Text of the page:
Henry George In New England

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In May, 1890, Henry George delivered three public lectures in northern New South Wales, Australia. Reports of two of these lectures were recently discovered in the Dixson Library of the University of New England and re-published in the History of Economics Review (M.L Threadgold and J.M. Pullen, pp. 83-95) No. 23, 1996

Glen Innes Examiner, June 3, 1890
The Armidale Lecture
Henry George in New England
– by X.L.

Monday, the 26th inst., was announced as the date of the great social reformer’s visit to Armidale, but somehow his managers had contrived to make the least possible use of the occasion by neglecting to give publicity to the event by the ordinary means of advertisement throughout the district. Although the visit of Mr Henry George was intended to serve as his personal introduction to the New England district – including Glen Innes, Walcha and Uralla; yet, so far as we know, no advertisement outside of Armidale was inserted in any other newspaper circulating in New England.

Arriving at the city by the northern train, we certainly expected to see the usually crowded platform filled with representatives of the intelligence and even the beauty of Armidale, to do honour to the arrival of a man who – whatever may be his faults as a practical politician – has succeeded by the mere power of his genius in stirring the intellectual faculty of his fellow man throughout the civilised world to a depth which has not been equalled since the “Contrat Social” came hot from the brain of Jean Jacques Rosseau (sic), and developed itself in living action during the next generation by means of the French Revolution. Whether “Progress and Poverty” will so fertilise the mind of the present generation as to produce in the next a peaceful political Reformation, which will banish the inequality of the conditions of life, and save this fair country of ours from being swallowed up in the Stygian pool of landlordism; or whether its voice will be rather that of “one crying in the wilderness”, a warning note only of sudden and sanguinary revolution to come; the fact remains that the author of this monumental work, so far as Armidale was concerned on Monday last, “came to his own and his own received him not”.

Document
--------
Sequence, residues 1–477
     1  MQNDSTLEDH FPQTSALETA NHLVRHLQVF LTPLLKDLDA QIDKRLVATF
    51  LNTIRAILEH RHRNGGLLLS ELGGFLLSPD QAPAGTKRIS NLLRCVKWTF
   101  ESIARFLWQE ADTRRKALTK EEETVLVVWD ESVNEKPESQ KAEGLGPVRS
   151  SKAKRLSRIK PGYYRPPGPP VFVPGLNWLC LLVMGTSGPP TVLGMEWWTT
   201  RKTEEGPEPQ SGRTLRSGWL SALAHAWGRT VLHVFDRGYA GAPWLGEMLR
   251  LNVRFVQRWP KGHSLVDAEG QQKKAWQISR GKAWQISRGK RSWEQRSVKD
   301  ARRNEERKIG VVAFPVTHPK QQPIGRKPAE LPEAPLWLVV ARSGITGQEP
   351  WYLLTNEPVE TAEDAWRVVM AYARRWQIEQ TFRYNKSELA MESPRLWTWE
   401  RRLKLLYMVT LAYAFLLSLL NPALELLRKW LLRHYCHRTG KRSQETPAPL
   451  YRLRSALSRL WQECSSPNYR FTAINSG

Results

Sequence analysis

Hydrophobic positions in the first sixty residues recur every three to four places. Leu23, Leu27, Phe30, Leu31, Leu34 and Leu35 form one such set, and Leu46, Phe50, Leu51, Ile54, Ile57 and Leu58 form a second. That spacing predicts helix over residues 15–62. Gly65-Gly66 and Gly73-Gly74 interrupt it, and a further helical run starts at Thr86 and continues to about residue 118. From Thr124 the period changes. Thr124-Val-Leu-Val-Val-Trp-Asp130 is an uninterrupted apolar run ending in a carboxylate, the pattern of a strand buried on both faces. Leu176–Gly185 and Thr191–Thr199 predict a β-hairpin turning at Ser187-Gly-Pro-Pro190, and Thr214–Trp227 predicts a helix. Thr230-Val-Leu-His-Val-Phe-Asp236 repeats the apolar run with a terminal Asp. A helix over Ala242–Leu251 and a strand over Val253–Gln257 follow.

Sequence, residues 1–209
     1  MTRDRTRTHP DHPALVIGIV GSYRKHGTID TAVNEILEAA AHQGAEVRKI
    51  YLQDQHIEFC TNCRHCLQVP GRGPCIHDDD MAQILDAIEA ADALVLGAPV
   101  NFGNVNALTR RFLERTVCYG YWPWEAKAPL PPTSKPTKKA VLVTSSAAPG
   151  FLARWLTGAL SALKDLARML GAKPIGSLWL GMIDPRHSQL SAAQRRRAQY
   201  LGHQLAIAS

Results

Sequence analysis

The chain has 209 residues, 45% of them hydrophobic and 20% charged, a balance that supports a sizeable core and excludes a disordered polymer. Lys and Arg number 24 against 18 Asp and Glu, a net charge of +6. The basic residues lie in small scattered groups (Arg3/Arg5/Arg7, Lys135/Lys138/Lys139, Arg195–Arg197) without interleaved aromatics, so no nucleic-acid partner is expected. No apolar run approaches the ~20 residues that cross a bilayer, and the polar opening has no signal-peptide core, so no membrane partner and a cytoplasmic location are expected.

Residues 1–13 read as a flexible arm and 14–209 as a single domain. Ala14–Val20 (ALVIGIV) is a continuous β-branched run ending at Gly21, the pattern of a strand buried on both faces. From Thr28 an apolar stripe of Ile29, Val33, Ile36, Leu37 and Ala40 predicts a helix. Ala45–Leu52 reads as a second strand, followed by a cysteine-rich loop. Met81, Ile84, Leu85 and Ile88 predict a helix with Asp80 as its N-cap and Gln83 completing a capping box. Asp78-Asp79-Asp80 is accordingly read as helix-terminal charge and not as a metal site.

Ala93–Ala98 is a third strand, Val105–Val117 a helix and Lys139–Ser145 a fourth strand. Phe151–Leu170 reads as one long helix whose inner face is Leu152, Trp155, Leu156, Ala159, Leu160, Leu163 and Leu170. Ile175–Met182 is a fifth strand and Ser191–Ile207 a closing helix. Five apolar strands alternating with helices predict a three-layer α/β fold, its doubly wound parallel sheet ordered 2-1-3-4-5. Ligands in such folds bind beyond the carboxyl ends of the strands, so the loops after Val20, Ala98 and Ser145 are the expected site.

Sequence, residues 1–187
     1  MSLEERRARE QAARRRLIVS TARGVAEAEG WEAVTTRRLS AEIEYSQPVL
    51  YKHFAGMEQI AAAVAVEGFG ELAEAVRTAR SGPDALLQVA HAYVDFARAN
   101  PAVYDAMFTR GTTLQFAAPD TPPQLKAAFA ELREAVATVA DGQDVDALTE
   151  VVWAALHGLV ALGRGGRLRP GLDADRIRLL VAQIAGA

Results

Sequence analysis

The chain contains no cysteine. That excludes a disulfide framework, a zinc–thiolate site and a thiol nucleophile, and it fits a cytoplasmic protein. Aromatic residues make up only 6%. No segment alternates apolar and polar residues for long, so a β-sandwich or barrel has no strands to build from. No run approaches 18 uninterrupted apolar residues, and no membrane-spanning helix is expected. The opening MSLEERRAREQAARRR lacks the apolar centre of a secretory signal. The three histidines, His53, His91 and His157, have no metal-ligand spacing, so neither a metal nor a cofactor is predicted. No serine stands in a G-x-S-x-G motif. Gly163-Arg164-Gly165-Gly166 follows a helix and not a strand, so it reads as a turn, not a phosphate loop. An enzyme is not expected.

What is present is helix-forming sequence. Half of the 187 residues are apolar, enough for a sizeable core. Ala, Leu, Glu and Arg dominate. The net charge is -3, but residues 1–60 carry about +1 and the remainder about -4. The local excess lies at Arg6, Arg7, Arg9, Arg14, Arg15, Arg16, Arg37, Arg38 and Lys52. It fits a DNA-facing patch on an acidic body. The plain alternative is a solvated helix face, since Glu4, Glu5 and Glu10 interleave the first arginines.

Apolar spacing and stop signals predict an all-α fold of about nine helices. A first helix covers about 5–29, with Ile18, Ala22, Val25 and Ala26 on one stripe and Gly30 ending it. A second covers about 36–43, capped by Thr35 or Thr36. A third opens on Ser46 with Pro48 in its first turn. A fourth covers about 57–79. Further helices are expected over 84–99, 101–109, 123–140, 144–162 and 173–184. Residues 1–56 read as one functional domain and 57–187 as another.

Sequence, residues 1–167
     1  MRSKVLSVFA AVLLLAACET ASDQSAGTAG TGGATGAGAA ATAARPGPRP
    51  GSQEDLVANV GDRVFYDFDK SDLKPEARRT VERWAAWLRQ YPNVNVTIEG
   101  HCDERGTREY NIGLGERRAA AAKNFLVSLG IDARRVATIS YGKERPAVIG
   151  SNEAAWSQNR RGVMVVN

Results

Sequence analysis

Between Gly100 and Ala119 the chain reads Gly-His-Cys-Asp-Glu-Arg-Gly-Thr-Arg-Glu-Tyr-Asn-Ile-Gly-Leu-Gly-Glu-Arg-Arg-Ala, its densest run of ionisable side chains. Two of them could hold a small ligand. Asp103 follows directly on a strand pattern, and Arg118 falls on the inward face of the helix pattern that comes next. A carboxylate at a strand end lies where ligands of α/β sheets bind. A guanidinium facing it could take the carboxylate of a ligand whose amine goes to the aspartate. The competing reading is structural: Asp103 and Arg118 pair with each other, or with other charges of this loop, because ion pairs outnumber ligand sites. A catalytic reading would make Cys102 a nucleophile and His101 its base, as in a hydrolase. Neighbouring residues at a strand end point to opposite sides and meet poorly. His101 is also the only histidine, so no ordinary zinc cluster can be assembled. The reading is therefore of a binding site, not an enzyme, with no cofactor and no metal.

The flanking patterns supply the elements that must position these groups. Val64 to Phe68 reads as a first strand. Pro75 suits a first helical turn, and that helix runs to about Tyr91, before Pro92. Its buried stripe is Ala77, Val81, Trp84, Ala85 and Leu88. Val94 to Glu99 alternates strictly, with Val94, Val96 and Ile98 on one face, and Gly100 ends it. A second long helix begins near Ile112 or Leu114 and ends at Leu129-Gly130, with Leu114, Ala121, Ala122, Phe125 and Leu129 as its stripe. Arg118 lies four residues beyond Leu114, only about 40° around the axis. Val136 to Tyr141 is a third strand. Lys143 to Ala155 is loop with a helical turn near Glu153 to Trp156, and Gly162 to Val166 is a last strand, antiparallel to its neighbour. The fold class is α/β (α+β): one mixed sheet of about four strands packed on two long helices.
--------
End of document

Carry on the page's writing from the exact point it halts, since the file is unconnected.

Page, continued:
Had a couple of unaspirating members of Parliament, aspiring nevertheless to be Cabinet Minister in futuro, arrived at the cathedral city to do a bit of log-rolling about land offices or railways, the platform would doubtless have been crowded; but on Monday, although the city was so full that a bed could not be got for love or money, and a shakedown was a matter of favour, yet it was not the great solver of social problems who had drawn the crowd, but a programme of trotting matches, hurdle races, and football which had filled the town with muscular Christians. From them the question, “Are you going to hear Henry George this evening?” brought the answer, “Perhaps I may look in after settling,” so that having no anxiety about getting a seat we betook ourselves leisurely to the Town Hall in the evening without much fear of being trampled upon by a crowd of hungry truth-seekers.